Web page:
Sometime late last fall, colorful banners started popping up all around campus at Andover Newton Theological School. For the longest time, weeks, maybe a month or more, I was only vaguely aware of their presence. I noticed only that they were new and colorful. At some point I was startled to find they had words on them. They said "Building the Beloved Community, and noted that the year 2007 was the school' s bicentennial.
After that, I realized that I couldn' t go by one of those banners without reading the words Building the Beloved Community. I liked the way the words sounded. I liked the feeling the words evoked. Building the Beloved Community.
I thought about the words and realized I really didn' t know what they meant. I found myself wondering and thinking: "what is a beloved community?" For a long time, the words just wouldn' t go away. They seemed to lurk in my subconscious and pop up every now and again. And each time I focused on them, I had a warm and comfortable feeling. The words had deep resonance for me. I realized it wasn' t the specific meaning that was important but the concept, the idea of the Beloved Community that had me hooked.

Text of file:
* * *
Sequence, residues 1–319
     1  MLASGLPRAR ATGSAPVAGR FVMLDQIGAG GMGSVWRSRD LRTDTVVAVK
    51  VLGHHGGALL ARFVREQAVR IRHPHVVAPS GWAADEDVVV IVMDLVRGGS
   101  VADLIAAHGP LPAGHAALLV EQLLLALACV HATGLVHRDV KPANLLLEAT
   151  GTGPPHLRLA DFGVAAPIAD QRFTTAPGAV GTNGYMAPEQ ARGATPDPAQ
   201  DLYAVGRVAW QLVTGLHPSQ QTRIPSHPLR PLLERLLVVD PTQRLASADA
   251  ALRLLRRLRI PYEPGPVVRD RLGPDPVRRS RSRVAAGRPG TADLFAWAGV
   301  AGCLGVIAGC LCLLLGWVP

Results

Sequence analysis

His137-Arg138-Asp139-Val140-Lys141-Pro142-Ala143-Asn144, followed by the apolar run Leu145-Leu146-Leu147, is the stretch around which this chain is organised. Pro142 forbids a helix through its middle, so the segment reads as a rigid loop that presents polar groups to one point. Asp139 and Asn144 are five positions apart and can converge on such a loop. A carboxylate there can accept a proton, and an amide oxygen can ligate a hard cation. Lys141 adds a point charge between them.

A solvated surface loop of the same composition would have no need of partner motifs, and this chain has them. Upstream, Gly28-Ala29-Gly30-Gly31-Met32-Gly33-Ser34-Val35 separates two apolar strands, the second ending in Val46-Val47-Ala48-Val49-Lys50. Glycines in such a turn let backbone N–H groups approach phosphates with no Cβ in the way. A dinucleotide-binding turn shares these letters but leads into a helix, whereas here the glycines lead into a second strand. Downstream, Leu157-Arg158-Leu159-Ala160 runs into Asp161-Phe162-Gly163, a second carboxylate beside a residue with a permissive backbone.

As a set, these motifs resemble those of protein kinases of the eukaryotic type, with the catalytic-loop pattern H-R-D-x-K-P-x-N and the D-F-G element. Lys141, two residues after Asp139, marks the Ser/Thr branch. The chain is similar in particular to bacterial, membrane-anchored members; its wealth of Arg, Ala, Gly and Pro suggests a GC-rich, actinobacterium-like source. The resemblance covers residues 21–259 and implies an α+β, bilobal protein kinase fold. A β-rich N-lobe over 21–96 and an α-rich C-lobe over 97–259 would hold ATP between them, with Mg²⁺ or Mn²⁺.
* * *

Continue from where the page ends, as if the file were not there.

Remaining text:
On the campus of Andover Newton Theological School, standing looking up at a banner, it occurred to me: "that' s why you are a UU and training to be a minister, that' s your work, to help build the Beloved Community". I think we, as Unitarian Universalist have a legitimate claim to such a community. It seems to me, if we live our seven principles, truly live our principles, we will have gone a long way toward building the Beloved Community.
In a recent Spire I said that Martin Luther King first coined the term The Beloved Community. Apparently, I was wrong about that. It seems that an early 20th century philosopher/theologian by the name of Josiah Royce first used the term. Dr King, however, seems to have gotten all the credit for the term.